Global warming goals impossible, Nobel laureate tells Swiss paper

William Nordhaus, who won a Nobel Prize for Economics in 2018, is best known for his work in economic modeling and climate change. Keystone

It will be impossible to meet the goal of keeping global temperature rise this century to under two degrees, American Nobel prizewinner William Nordhaus has told a Swiss newspaper.

This content was published on January 26, 2020 - 15:11

Climate and economic modelling expert Nordhaus, who won the Nobel Prize for Economics in 2018, told the NZZ am Sonntag that half of the existing model calculations come to this conclusion.

"Even if we make the fastest possible turn towards zero emissions, CO2 will continue to accumulate in the atmosphere, because we cannot simply shut down our economy," he said in an interview with the paper. Nordhaus says the two-degree target was also set without asking about the cost of meeting it.

A key goal of the Paris Agreement on climate change is to keep global warming this century under two degrees Celsius compared with pre-industrial levels.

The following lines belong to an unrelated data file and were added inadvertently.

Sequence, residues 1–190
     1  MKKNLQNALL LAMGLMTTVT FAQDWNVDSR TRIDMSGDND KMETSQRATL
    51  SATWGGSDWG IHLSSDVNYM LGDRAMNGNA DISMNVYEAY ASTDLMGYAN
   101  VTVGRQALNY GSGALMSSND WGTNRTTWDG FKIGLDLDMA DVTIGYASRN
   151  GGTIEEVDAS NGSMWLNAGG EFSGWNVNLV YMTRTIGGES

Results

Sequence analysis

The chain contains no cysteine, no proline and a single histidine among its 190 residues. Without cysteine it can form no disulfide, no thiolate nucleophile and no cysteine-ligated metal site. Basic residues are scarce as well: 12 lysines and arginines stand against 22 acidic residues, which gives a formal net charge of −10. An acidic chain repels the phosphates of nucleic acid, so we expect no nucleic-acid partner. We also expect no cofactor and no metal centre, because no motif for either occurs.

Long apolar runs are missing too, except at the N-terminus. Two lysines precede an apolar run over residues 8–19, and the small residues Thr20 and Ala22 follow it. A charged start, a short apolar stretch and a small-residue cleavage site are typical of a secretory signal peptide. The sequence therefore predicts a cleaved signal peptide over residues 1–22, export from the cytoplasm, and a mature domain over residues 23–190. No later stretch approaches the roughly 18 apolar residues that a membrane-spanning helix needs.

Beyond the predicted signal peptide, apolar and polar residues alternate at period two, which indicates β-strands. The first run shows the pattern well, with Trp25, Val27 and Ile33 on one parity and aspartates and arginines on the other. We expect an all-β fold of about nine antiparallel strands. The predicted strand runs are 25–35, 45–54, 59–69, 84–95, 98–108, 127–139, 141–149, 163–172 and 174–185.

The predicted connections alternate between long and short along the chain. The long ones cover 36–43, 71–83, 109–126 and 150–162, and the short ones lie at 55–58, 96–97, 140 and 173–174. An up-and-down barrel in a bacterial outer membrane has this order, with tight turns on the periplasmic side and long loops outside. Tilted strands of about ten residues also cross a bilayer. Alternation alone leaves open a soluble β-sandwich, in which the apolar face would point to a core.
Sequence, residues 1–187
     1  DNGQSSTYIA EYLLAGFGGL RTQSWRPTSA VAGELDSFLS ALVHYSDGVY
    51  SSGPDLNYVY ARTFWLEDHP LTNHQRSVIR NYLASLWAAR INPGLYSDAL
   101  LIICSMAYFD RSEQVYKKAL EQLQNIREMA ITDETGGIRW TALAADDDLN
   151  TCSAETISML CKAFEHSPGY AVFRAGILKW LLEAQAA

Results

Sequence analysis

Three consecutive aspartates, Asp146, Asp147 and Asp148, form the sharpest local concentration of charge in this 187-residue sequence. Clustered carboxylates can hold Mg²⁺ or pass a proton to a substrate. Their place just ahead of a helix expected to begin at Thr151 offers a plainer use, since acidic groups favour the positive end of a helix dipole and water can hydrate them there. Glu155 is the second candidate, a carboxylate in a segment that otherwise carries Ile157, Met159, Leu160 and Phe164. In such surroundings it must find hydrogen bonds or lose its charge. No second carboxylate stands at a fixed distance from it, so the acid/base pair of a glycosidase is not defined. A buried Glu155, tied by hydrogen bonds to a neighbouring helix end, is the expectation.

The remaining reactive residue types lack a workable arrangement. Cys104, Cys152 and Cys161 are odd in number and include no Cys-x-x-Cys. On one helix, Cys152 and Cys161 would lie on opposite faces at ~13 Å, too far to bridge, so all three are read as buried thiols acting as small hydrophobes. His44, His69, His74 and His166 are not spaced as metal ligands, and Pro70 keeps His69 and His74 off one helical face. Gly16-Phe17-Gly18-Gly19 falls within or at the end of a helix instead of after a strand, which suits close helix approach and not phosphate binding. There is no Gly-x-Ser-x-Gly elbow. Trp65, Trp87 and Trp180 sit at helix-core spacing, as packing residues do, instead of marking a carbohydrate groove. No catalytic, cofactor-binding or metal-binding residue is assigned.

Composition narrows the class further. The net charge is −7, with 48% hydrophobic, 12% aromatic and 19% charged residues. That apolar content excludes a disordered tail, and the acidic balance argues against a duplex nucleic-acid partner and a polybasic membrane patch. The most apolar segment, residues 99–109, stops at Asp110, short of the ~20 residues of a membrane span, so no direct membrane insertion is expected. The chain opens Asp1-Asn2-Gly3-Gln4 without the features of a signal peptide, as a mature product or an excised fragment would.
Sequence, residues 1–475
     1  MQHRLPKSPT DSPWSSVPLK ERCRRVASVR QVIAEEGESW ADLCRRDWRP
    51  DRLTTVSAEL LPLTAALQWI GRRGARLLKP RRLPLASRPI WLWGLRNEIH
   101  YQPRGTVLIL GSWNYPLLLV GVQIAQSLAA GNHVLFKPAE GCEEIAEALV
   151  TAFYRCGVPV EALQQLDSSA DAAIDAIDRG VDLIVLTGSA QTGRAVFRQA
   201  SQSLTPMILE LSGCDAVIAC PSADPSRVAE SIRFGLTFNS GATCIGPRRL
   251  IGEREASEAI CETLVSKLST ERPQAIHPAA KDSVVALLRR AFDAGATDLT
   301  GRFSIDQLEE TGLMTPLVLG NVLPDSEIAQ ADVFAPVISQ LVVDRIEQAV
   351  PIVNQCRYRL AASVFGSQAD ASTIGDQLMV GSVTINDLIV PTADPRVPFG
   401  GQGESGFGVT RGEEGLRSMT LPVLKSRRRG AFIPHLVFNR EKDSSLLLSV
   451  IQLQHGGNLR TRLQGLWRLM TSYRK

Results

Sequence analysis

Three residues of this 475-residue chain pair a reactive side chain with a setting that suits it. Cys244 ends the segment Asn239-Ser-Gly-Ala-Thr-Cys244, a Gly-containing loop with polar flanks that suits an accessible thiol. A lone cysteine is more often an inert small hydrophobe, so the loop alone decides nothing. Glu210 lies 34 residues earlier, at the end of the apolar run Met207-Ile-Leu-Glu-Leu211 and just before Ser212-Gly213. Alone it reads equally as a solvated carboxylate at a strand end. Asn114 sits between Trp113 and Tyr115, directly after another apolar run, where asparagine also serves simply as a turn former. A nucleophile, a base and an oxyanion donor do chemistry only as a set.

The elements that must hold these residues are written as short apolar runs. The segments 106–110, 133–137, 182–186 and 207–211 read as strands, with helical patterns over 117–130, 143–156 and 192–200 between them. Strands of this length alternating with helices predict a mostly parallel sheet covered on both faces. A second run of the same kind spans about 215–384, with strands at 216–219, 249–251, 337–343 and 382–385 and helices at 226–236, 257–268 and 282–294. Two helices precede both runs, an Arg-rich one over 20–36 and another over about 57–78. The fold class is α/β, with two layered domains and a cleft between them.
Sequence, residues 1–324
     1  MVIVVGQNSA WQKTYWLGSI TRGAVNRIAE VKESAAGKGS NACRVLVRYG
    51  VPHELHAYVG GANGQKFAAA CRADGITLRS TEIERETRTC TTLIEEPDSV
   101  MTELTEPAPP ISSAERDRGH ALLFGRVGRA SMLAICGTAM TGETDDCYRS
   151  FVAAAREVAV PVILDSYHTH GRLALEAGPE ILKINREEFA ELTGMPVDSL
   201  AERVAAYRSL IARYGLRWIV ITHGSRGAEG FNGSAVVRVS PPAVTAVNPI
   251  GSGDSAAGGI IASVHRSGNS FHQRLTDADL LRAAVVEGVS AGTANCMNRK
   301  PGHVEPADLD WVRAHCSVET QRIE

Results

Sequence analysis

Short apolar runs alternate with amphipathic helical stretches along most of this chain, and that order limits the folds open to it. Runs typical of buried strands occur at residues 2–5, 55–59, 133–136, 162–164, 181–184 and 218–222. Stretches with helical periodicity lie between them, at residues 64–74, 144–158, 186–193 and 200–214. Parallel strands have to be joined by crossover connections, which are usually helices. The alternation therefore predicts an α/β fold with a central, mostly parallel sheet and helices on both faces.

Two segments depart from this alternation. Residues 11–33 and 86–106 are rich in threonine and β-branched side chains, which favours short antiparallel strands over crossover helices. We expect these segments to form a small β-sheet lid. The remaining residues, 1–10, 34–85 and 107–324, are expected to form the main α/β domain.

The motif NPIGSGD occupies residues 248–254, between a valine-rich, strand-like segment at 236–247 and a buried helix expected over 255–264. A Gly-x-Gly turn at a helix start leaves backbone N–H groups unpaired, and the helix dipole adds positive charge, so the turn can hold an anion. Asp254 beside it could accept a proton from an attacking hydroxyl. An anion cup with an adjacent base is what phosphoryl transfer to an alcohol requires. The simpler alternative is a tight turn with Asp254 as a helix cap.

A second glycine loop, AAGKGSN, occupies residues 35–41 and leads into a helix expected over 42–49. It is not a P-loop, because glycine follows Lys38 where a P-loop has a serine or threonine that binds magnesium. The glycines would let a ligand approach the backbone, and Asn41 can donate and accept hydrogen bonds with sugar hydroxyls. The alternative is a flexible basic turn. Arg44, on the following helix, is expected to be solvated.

Meanwhile, a University of Geneva (UNIGE) studyExternal link says people often find it difficult to change their behaviour in response to climate change. But it identifies some of the barriers and suggests ways to overcome them.

According to UNIGE psychology professor Tobias Brosch, one of the difficulties concerns the perception of the problem. The human brain struggles to conceive of the phenomenon, which we can neither feel nor touch directly. Virtual reality could help to raise awareness of the consequences of a rise in temperature, he says.

Another barrier concerns immediate self-interest. Some people do not see how changing their behaviour is beneficial to them. Brosch recommends that emphasis should be put on the direct benefits of changing habits, such as cycling is good for health.

Another big barrier is social, the study says. It is hard to give something up when your neighbour isn't doing anything to protect the climate. Brosch thinks the solution would be to communicate as much as possible that many people are doing something for the climate, so as to encourage others.


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